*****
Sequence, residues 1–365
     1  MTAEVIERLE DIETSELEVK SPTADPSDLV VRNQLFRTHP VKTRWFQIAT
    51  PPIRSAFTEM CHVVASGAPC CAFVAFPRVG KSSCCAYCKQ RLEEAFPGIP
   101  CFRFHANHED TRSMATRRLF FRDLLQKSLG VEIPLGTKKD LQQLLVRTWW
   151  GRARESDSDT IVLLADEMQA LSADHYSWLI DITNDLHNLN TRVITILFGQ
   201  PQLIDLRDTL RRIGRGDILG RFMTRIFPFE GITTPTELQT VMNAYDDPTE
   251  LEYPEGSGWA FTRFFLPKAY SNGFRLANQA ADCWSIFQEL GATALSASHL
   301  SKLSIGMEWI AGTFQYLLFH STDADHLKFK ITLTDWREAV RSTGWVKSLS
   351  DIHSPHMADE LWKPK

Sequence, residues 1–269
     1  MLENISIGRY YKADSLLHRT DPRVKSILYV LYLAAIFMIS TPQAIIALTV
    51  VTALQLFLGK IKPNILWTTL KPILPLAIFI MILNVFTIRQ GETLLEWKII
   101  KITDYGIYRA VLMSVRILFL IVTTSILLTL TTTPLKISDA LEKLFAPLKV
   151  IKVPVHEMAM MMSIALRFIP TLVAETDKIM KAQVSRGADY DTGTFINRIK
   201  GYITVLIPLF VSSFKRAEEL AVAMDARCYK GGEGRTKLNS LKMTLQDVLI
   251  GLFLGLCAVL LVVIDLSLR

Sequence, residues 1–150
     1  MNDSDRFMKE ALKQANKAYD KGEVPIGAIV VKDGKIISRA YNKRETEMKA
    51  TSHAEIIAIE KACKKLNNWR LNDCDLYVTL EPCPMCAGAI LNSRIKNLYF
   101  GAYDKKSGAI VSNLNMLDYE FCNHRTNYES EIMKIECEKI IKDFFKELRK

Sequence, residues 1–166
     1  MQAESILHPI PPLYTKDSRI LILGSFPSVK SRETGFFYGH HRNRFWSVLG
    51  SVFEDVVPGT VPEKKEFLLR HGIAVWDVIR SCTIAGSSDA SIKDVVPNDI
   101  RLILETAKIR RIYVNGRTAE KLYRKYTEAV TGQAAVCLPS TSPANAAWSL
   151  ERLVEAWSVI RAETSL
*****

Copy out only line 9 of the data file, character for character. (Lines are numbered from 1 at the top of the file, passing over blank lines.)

   351  DIHSPHMADE LWKPK